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12 Months to a Better Financial Foundation—Step 12: Year-end Review

As the year draws to a close, now is a good time to review your finances from the past year and make plans for the year ahead.

Clean up your financial papers and digital records.
Collect paperwork and digital files that you’ll need for your taxes. These include receipts for charitable donations, childcare, medical expenses, real estate and vehicle taxes, tax preparation fees from last year, and miscellaneous income.

According to the IRS website, most people need to retain tax records for three years. Here are the guidelines:

  1. Keep records for 3 years if situations (4), (5), and (6) below do not apply to you.
  2. Keep records for 3 years from the date you filed your original return or 2 years from the date you paid the tax, whichever is later, if you file a claim for credit or refund after you file your return.
  3. Keep records for 7 years if you file a claim for a loss from worthless securities or bad debt deduction.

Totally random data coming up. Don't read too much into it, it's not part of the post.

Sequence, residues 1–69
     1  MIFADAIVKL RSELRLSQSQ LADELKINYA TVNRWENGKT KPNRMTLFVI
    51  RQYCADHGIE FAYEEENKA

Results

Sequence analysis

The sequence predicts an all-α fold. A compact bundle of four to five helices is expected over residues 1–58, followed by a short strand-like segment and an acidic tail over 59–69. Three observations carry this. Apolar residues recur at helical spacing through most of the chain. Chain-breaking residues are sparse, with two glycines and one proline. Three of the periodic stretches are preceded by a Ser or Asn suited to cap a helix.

4. Keep records for 6 years if you do not report income that you should report, and it is more than 25% of the gross income shown on your return.
  5. Keep records indefinitely if you do not file a return.
  6. Keep records indefinitely if you file a fraudulent return.
  7. Keep employment tax records for at least 4 years after the date that the tax becomes due or is paid, whichever is later.

Learn more on the IRS website.

Out with the old, in with the new: Get rid of old files.
Make room in your file cabinet—physical or virtual—by getting rid of old files. Paper files should be shredded or taken to a secure disposal site. Getting rid of digital files means deleting them and then emptying the Trash/Recycle Bin on your computer, tablet, and/or phone. When disposing of old electronics, be sure to remove all personal files and data by performing a factory reset. This article from AARP includes instructions for how to perform a factory reset on popular devices.

Review your financial situation and set goals for the year ahead.

Revisit the goals you set for yourself at the beginning of the year. Did you try to save more? Pay off some debts? Clean up your credit report? Whatever it was, take some time to assess if you met your goals for the year and what goals you want to set for 2024. Visit any of our “Better Financial Foundation” steps that you missed this year:

  1. Set goals
  2. Establish budget
  3. Start saving
  4. Consolidate debt
  5. Protect your identity
  6. Check your budget
  7. Save for something special
  8. Protect your assets
  9. Spend smarter
  10. Check your legal docs
  11. Review credit report

If you’re having trouble reaching your financial goals, contact your local branch. We can help you review ways to save money and reach your financial goals.